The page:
Taxes and Income Inequality: 50 Years After the March

August 29th, 2013

Continuing our look at how  Mississippi families are faring 50 years after the March on Washington, this time through the prism of state and local taxes, it’s clear that our tax laws are making income disparities between African American and white families worse. 

Because of Mississippi’s heavy reliance on the sales tax and a basically flat income tax rate that ignores differences in how much families can afford to pay, middle class and lower- income families pay more of their income in taxes than those with higher incomes.  The figure below shows the percent of income paid in state and local taxes by income group.  Low- and middle-income Mississippians pay over 10% of their income in taxes, while the richest pay only 6.5%.

This inequity, combined with racial disparities in income, means that our tax system is more likely to place a greater burden on African American families.  The median income of African Americans ($24,848) is almost half that of Mississippi’s white families ($46,799).    Essentially, an African American household earning $24,838 – the income at which half of African Americans earn less and half earn more in Mississippi – would pay 10.5% of their income on state and local taxes.  In contrast, a white family earning $46,799 – the income at which half of whites earn less and half of whites earn more in Mississippi – would pay 9.2% of their income on state and local taxes.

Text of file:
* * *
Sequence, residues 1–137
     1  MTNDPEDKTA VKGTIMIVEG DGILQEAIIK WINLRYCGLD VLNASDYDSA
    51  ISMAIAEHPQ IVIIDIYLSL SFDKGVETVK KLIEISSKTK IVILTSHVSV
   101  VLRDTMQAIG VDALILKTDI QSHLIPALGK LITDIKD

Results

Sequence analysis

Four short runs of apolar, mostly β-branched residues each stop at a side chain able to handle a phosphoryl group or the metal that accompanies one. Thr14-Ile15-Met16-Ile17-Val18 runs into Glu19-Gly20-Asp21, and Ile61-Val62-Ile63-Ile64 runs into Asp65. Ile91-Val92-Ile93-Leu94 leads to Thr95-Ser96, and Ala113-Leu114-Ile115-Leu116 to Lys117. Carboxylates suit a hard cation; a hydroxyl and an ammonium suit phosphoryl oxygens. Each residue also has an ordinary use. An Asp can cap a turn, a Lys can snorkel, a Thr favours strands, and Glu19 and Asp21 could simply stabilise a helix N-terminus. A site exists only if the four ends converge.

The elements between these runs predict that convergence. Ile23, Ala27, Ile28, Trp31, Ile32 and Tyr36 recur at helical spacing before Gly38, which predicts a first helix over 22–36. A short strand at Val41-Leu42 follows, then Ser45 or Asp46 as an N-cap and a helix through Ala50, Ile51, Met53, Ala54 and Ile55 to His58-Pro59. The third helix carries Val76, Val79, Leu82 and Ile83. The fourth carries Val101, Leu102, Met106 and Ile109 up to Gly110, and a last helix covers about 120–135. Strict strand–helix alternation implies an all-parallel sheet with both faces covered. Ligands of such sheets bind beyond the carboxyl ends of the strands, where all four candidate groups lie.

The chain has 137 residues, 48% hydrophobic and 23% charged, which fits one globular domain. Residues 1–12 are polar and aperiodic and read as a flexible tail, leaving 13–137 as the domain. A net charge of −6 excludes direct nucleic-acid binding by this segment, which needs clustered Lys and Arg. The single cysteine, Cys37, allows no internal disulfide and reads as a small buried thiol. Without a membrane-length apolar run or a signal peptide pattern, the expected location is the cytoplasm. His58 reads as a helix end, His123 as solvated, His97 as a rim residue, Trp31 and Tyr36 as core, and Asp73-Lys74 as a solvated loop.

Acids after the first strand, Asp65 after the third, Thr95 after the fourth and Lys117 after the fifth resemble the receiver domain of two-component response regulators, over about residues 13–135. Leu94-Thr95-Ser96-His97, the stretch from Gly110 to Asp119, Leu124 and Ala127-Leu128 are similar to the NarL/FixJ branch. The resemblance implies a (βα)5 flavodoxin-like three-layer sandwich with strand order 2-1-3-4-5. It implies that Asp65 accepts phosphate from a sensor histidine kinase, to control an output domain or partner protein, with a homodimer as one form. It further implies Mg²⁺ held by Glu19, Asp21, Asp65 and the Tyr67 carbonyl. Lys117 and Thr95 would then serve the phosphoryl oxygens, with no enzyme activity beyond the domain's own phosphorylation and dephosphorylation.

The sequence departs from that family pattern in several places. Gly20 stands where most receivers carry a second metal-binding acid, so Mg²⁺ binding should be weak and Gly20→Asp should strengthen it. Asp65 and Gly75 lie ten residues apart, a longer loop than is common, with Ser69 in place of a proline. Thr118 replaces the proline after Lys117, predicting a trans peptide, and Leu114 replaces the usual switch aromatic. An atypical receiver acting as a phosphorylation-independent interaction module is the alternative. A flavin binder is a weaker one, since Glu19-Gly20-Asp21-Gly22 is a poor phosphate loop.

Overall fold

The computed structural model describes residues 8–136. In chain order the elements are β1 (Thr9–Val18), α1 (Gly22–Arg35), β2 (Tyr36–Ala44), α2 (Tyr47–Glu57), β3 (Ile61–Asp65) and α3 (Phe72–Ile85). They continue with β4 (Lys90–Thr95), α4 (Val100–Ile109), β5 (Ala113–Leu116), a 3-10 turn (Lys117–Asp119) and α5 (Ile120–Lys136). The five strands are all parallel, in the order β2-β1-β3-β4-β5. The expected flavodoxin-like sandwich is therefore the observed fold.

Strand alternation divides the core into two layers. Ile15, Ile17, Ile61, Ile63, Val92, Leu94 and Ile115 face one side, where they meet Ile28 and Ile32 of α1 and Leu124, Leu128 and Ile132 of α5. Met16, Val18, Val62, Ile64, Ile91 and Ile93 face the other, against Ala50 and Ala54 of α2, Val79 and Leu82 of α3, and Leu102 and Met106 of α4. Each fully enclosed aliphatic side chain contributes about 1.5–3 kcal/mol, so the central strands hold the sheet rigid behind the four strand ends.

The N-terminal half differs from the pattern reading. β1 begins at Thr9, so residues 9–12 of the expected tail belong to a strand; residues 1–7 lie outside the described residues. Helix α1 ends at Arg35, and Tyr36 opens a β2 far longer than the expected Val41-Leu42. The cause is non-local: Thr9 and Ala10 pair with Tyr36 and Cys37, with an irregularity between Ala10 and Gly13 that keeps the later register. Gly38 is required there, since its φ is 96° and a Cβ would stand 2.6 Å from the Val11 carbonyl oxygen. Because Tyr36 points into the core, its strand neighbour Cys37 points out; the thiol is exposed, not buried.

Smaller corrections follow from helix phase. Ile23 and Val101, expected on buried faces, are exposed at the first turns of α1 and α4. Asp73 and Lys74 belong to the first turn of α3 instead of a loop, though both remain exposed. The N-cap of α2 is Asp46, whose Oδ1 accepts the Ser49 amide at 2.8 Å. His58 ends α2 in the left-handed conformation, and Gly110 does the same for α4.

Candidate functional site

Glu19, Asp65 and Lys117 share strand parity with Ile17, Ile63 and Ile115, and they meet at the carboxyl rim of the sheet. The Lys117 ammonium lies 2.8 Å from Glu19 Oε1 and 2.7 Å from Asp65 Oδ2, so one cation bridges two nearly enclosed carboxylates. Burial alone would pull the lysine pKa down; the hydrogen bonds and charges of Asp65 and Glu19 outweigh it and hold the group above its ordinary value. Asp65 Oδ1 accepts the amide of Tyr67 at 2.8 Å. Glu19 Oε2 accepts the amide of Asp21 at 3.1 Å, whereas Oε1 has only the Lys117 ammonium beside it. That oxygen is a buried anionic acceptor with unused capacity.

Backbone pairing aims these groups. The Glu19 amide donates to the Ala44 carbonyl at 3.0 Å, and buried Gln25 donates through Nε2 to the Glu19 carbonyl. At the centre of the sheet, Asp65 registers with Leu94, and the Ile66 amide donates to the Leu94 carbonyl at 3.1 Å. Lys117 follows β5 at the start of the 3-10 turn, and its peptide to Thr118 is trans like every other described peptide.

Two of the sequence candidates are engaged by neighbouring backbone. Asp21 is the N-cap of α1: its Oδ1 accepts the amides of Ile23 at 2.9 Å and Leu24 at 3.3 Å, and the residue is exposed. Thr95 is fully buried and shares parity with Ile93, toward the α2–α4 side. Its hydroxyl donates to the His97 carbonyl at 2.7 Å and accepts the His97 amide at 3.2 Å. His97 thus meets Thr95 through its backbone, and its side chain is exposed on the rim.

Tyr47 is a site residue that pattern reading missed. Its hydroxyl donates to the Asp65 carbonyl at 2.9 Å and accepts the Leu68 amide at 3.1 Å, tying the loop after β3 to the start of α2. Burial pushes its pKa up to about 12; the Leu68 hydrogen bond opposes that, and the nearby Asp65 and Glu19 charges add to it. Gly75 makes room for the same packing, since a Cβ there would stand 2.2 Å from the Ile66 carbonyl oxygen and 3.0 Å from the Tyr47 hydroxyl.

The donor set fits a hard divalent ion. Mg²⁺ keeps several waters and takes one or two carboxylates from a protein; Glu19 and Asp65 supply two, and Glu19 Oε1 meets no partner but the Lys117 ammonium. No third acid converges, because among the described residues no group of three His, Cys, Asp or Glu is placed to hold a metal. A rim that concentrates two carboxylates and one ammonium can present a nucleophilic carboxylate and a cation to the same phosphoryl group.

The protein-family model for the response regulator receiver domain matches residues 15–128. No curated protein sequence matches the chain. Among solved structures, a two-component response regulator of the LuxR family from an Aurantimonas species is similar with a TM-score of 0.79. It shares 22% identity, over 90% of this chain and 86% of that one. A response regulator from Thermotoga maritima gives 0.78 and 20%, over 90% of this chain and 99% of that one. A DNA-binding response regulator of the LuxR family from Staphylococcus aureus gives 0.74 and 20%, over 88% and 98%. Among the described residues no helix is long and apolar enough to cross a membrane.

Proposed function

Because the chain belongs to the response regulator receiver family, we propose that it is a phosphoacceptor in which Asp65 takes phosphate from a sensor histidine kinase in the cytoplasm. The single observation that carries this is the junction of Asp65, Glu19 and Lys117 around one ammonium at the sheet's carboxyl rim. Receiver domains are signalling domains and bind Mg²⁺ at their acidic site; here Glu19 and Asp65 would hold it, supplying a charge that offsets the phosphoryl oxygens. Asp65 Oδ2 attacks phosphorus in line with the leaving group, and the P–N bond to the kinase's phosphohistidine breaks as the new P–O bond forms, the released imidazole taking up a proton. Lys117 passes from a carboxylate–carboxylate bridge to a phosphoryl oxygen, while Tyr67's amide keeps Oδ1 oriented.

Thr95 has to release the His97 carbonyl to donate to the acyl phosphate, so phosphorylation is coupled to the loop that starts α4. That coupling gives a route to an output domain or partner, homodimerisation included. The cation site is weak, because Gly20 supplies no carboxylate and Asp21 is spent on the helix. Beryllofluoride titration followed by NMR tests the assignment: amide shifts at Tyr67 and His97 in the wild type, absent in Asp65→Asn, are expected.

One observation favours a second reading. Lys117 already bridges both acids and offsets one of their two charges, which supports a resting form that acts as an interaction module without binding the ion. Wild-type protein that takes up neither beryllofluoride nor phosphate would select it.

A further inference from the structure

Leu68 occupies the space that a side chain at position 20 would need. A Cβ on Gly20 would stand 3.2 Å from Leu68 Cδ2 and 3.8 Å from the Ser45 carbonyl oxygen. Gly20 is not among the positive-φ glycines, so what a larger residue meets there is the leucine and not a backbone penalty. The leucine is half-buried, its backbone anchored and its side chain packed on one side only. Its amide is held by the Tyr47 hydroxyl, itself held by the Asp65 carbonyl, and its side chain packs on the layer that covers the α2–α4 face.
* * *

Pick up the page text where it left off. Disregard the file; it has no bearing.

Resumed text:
One way to address this disparity is to change the state’s income tax, so that higher income levels are taxed at higher rates. This will ensure that everyone is paying his or her fair share, and that we aren’t asking more of those who can least afford it. Another way is to exempt groceries from the state sales tax, reducing the burden of the sales tax on lower- income Mississippians.  (However, this would require raising revenue in another area to prevent cuts to schools, health care and other services that are already strained.)  

-Sara Miller, Senior Policy Analyst

One Response to “Taxes and Income Inequality: 50 Years After the March”

  1. Rethinking the Week, April 12th – April 18th | Rethink Mississippi says:

    […] This chart from the Mississippi Economic Policy Center sheds light on the consequences of Mississippi’s tax policies for our poorest citizens: […]

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